Kentucky-born, SCAD-educated photographer Dana Goldstein’s work is comprised of candid, documentary photos depicting (among other things) youth culture in the late 00s. At times reminiscent of Nan Goldin, the images showcase both the innocence/fun and lack thereof of growing up nowadays. I particularly enjoy the photos of gutter punks.
Neon lights are no longer bound to the buzzing drone of roadside restaurant signs as they have been freed by artist Yudi Noor. Yes that’s right, his mixed media works light themselves! Seriously though, check out his cool experimentation with neon tubes.
The relationship between drugs and art has always been a place of mystery and creation, however, Tania Hennessy’s series of necklaces is a fresh take on these two elements. Her series of “molecular necklaces” combine her knowledge of biochemistry with the art of jewelry making in order to create wearable drug molecules. For this, she uses a 3D printer to laser cut her necklaces from lightweight stainless steel. The 3D printer cuts the material finely thus respecting the intricate patterns of the individual molecules. The necklaces are available in various finishes such as silver, gold, and black.
Her necklaces are simply beautiful at first glance, but they also carry a story: each one represents the molecules that make up different drugs, or chemical elements, amongst which are Ketamine, Cocaine, THC, MDMA and Heroin. She has even created an “Overdose” necklace which stacks up a bunch of different molecules into a magnificent yet deadly cluster of LSD, cocaine, and DMT amongst others.. Hennessy’s necklaces are all the more fascinating because they are both a display of science and aesthetics.
The combination of biochemistry and 3D technology make s for an individual and original form of expression. To those who are well versed in biochemistry, they may look like an inside joke while they may look like a set of pretty shapes to the rest of us. Either way, Hennessy has created a clever work for art that can be both fun to decrypt and to wear.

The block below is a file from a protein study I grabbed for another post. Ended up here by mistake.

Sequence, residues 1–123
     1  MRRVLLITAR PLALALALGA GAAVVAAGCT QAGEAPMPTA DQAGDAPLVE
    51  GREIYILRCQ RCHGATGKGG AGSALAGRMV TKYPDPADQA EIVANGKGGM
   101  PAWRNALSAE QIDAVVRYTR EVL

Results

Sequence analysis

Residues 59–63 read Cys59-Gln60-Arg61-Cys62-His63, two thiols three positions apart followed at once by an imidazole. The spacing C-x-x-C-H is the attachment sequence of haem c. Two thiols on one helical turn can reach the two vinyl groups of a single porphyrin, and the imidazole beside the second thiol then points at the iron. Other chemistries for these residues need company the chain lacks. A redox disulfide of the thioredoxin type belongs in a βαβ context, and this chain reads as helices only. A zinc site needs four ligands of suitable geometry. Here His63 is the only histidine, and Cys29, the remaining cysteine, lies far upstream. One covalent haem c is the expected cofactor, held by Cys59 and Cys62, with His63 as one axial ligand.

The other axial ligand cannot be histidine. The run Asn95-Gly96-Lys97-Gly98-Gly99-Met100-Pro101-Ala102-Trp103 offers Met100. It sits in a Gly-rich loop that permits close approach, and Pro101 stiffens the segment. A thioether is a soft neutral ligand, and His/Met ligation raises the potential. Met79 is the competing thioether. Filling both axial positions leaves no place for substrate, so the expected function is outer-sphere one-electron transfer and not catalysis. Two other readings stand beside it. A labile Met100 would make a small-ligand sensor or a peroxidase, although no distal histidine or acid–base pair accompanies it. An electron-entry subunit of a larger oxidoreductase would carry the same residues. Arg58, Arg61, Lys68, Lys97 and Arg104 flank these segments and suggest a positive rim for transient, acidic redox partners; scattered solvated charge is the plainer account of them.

Asger Carlsen is a camera user with escaping needs and wants. In the dialogue of grains and tones, the subjects escape through a hole in the sky. The moments captured deface, defile, and subvert – in the best way possible. I want more.
Imagine using your wildest imagination to create your dream fortress. What would it have inside? Scott Hove has taken a fairy-tale, dream-world created entirely out of what appears to be pastel sweets and turned it into an reality. His sickening sweet installation, titled Cakeland, uses sculpture, installation, and paint to construct a dramatic scene of cake-like decoration with a rococo flair, only instead of stucco molding, this sugary paradise is composed of delicately placed oranges, strawberries, and swirling, white icing. His elaborate work completely fills the building that holds it, which is labeled with an appropriate bright, neon sign displaying the word “Cakeland.” I cannot decide if Hove’s work is so alluring because of its fluffy, pastel details or the fact that it looks exactly like it is made up entirely of delicious, edible cake!
Hove explains that his process involves taking dark undertones and transforming them into something inviting and beautiful…and what is more pleasant than a place that surrounds and engulfs you in this never-ending, candy-colored comfort food? Hove’s artistic process uses endless imagination and creativity to allow his ideas of Cakeland to come to fruition.
I walk around my house, and see imaginary pieces on my wall, and then pick out the ones that I would most like to actually see hanging on the wall. Then I use every and any type of material to scratch the piece into existence. So much about making a piece of art is creating problems and solving them.